Chronic Ear Infections
Chronic ear infections often are caused by a perforated eardrum, mucous membrane disease in the middle ear, and cholesteatoma of the middle ear.
These color photographs by Eiji Yanagisawa, MD are reproduced with permission from Hughes GB and Pensak ML: Clinical Otology 3rd Edition, Thieme Medical Publishers, New York, 2006 (in press).
This eardrum has a small perforation without a middle ear infection. When repairing a perforated eardrum and reconstructing hearing bones in one stage, usually cartilage and its attached tissue are removed from the tragus just in front of the canal. An artificial hearing bone implant is positioned in the middle ear, and the perforation is sealed by the cartilage tissues which also stabilize and protect the implant.
The main indications for surgical repair of holes in the eardrums are hearing loss and middle ear infections. Successful repair often helps hearing and reduces the chance of infection by keeping water and other matter out of the middle ear. Surgery can be performed through the ear canal under sedation if the hole is small and favorably located, or through an incision behind the ear asleep under general anesthesia if the hole is larger or associated with infection. At the same time the hearing bone chain is assessed and corrected if diseased. Success rate of 85-95% varies with the size and location of the perforation and associated infection behind the eardrum. Risk of deafness in the operated ear is less than one percent. Temporary change of taste and numbness on the same side of the tongue occurs in 10-20% of patients if the taste nerve cannot be preserved.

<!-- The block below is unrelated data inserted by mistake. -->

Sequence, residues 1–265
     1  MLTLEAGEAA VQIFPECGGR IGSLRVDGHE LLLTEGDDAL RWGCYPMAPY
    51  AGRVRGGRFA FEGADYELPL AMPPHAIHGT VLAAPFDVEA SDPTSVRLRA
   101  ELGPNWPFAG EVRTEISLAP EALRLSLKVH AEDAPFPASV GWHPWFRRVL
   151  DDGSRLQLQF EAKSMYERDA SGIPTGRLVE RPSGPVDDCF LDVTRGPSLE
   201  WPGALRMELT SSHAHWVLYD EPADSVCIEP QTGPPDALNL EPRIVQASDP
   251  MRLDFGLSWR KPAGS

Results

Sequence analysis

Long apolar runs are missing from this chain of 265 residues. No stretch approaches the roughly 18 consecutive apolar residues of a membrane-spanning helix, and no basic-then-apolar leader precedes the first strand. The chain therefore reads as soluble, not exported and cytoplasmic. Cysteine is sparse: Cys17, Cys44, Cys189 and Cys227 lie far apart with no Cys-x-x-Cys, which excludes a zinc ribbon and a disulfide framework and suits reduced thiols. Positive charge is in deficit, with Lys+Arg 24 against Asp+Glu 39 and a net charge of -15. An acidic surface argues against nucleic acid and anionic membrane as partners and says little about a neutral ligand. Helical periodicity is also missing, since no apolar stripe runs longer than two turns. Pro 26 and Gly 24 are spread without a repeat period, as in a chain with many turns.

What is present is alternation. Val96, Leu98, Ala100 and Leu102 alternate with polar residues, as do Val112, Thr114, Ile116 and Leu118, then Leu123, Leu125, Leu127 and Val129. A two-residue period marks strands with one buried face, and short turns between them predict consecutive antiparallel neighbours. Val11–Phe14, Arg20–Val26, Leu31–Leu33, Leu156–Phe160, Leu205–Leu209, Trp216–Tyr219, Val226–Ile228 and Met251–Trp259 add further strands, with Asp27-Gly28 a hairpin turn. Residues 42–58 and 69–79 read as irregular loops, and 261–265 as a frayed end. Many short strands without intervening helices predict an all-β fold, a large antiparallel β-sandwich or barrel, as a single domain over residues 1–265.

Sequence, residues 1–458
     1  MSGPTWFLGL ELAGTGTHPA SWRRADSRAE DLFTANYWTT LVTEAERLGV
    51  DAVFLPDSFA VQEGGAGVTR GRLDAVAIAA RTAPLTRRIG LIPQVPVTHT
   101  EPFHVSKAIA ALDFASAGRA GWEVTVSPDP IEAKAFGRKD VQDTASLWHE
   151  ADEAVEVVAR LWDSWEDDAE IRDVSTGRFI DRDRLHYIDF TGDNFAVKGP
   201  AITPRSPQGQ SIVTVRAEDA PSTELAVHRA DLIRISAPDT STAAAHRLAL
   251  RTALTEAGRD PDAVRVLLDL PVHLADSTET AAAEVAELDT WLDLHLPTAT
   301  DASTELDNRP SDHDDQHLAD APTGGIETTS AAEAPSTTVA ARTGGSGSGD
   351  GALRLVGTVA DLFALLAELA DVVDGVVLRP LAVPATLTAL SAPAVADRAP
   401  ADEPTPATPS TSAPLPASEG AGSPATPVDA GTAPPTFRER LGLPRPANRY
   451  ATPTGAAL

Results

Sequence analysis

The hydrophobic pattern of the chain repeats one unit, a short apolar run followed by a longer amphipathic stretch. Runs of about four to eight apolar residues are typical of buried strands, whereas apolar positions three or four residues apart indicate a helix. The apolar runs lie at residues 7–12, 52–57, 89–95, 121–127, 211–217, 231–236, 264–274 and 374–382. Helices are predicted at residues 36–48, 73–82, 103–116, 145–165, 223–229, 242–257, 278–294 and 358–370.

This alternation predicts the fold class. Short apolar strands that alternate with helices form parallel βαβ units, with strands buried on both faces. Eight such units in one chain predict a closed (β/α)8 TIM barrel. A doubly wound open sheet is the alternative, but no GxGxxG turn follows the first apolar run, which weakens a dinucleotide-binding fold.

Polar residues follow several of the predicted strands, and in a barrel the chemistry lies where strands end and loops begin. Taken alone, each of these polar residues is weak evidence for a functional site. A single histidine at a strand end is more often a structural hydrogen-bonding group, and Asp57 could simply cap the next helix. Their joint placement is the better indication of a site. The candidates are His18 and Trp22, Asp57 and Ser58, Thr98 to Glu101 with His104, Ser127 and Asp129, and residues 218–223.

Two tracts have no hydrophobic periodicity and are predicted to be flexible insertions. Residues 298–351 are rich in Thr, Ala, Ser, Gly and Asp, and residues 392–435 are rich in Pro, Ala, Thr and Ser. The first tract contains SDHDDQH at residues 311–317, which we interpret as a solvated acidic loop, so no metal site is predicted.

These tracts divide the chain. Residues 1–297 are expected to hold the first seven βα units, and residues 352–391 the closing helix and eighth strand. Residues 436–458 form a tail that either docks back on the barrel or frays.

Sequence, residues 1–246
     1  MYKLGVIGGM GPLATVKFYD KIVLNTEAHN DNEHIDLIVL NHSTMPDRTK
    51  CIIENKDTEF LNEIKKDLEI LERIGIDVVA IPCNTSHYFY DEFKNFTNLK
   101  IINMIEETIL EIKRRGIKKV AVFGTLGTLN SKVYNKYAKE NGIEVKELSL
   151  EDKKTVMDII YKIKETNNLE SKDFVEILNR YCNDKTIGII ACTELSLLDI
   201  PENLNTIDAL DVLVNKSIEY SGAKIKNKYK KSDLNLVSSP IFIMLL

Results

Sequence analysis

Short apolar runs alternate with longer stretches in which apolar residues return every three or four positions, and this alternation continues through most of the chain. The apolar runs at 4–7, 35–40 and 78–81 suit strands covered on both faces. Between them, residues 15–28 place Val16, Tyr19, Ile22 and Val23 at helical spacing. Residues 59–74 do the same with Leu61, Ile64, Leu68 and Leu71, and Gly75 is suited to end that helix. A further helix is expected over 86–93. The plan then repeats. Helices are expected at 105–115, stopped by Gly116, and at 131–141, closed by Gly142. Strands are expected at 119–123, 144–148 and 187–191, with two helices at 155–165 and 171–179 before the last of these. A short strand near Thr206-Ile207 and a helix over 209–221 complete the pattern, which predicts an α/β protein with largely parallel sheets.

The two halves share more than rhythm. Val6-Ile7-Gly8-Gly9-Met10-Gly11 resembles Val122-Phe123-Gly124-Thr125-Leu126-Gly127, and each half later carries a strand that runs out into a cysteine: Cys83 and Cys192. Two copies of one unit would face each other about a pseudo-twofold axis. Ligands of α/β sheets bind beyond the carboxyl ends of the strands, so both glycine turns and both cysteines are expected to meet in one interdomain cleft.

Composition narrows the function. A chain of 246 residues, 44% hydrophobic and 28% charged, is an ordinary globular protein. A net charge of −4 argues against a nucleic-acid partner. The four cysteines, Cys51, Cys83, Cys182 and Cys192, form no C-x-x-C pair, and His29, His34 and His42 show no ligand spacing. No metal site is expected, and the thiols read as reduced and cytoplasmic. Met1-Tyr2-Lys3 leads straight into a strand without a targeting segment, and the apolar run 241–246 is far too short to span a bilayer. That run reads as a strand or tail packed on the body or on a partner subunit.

Infected Middle Ear Mucosa
Mucosal infection behind the eardrum usually is related to a perforated eardrum and the diseased membranes are removed at the time the eardrum is repaired.
Surgery for this condition also may require removal of middle ear infection from the mastoid bone behind the ear. A clean, dry, safe ear and hearing improvement can be achieved in 80-90% of cases depending on the extent of the middle ear infection.
Risks are similar to eardrum repair, but change of taste occurs more often and weakness of facial muscles can occur in one percent of patients (usually temporary), especially if infection has exposed the facial nerve in the middle ear.
Cholesteatoma is a skin cyst behind the eardrum. The skin is basically the same as skin anywhere else, except it can destroy bone, deafen hearing and cause infection as the cyst grows. Therefore, cholesteatoma should be removed surgically, often in two stages.
At the first operation, cholesteatoma is removed and the eardrum is repaired. At the second operation hearing is restored. The overall success rate for a clean, dry, safe ear is approximately 85% long-term, and the chance for significant hearing improvement is approximately 80%.
Surgical risks are similar to those for chronic ear infections, but are slightly higher during cholesteatoma because of more extensive bone destruction caused by cholesteatoma.